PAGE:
One year after Chibok, other 2,000 women hope to find their way home

In 2014, the world asked #SaveOurGirls after waking up to the brutality of Boko Haram. Amnesty International now shares the stories of hundreds of other victims in the last 12 months.

Evangelical Focus

Protestante Digital · 14 APRIL 2015 · 14:09 CET

Peopla marching on Monday during a silent protest. / AP,Bring back our girls one year
Peopla marching on Monday during a silent protest. / AP

Up to 2014, not many people outside Nigeria knew anything about Boko Haram. The 3,000 murderings commited since 2011 –most of them, Christian victims- had not yet awakened global indignation.

But something changed when on April 14th influential people started using the #BringBackOurGirls hashtag on Twitter to ask for the liberation of a group of schoolgirls that had been abducted.

Boko Haram suddenly appeared on the global information map. This armed group tries to impose Islamic sharia law in Nigeria and has recently pledged allegiance to Daesh (IS).

The group is active in the North East of the country and has killed thousands of citizens, destroyed hundreds of properties and kidnapped more than 2,000 women in the last 12 months, according to new data.


Families asking government to free captive children.

A 91 pages document published by Amnesty International called “‘Our job is to shoot, slaughter and kill’: Boko Haram’s reign of terror in North-East Nigeria” gives terrible new details and figures. It can be downloaded here.



Women taken by Boko Haram live in horrible conditions. Some of them have been forced to marry soldiers and militants of the terrorist group. They are raped, beaten, and killed when they try to rebel against their captors. Many other women are sold as slaves in other countries of Africa, so that it becomes almost impossible to track where they are.

Some captives are forced to participate in Boko Haram’s war against the five-nation coalition army led by the Nigerian government. The region of Borno, in the North of the country, has been under the State of Emergency for two years now.


Chibok's school, where the 219 girls were abducted. / Amnesty International.



The Amnesty International report gathers testimonies of women who have been able to escape from Boko Haram in the last months.

Aisha, 19 years old, explains how she was kidnapped while attending the wedding of a friend in September, 2014. Her sister, the bride and the sister of the bride were also taken by militants.

Boko Haram brought them to a camp in Gullak (in the state of Adamawa), where they had to join about 100 captive girls. A week later, both the bride and her sister were forced to marry combatants.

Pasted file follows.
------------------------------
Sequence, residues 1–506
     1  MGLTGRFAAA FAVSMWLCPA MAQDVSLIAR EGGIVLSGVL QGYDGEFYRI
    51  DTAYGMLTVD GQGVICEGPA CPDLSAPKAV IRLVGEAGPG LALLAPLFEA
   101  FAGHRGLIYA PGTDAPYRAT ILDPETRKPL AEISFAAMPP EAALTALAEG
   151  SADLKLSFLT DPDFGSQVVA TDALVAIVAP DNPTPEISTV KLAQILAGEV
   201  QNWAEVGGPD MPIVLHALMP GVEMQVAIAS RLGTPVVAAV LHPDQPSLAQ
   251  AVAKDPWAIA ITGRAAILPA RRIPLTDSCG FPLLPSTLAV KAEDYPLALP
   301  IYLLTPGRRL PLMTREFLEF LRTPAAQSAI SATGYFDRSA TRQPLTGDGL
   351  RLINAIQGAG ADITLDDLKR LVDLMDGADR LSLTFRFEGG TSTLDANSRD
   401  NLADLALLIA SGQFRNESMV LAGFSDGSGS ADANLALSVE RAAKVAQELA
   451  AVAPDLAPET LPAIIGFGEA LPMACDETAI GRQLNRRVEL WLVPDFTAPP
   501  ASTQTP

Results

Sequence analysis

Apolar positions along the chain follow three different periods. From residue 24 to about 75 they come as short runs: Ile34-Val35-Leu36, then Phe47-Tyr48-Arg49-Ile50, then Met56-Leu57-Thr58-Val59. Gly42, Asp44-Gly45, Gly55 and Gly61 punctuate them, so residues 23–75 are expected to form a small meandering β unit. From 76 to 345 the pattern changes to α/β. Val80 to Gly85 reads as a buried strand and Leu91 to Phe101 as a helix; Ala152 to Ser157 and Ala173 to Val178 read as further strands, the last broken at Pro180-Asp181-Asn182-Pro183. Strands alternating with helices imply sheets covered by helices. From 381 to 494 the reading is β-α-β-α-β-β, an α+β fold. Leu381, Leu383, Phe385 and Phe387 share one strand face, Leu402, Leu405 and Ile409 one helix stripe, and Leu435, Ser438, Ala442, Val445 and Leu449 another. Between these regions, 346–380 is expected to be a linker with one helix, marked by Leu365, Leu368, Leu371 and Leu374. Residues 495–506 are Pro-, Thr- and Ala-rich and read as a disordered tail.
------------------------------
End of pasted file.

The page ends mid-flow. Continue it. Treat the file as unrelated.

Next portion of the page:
In addition, Aisha and the other women and girls were trained to combat. “They used to train girls how to shoot guns”, Aisha explained.

“I was among the girls trained to shoot. I was also trained how to use bombs and how to attack a village. They dressed us and demonstrated to us how to explode a bomb. This training went on for 3 weeks after we arrived. Then they started sending some of us to operations. I went on one operation against my own village.”

She also described that in her 3 months of captivity she was raped by groups of soldiers, sometimes, by even 6 of them. She saw how more than 50 people were killed –including her own sister- by Boko Haram members.

“Some of them refused to convert. Some refused to learn how to kill others. They were buried in a mass grave in the bush. They  just packed the dead bodies and dumped them in a big hole, but not deep enough. I didn’t see the hole, but we used to get the smell from the dead bodies when they start getting rotten…My sister was killed in the camp. I was briefly taken away before they shot her. And then they brought me to see her dead body.”




Muhammadu Buhari.

The challenge to defeat Boko Haram continues for Nigeria and their neighboring countries. In a recent public statement, newly elected president Muhammadu Buhari said his new administration would “do everything we can to defeat Boko Haram and bring the girls home.”

His “new approach must also begin with honesty”, he added. “We do not know if the Chibok girls can be rescued. Their whereabouts remain unknown. As much as I wish to, I cannot promise that we can find them.”

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